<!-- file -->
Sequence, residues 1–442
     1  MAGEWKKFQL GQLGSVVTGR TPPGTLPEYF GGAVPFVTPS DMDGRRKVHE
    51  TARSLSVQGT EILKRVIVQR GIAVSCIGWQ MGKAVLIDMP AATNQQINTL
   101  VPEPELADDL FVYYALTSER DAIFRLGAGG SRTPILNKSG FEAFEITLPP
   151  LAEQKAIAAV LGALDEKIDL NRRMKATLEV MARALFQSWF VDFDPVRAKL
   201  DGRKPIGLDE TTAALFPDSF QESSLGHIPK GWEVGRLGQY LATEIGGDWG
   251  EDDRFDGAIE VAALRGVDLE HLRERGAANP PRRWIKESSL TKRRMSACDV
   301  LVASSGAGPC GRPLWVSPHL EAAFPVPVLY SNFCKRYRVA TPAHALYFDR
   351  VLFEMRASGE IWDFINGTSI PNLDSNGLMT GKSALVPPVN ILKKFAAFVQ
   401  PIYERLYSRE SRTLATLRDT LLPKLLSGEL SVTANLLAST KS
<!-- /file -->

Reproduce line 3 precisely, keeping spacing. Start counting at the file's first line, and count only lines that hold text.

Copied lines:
    51  TARSLSVQGT EILKRVIVQR GIAVSCIGWQ MGKAVLIDMP AATNQQINTL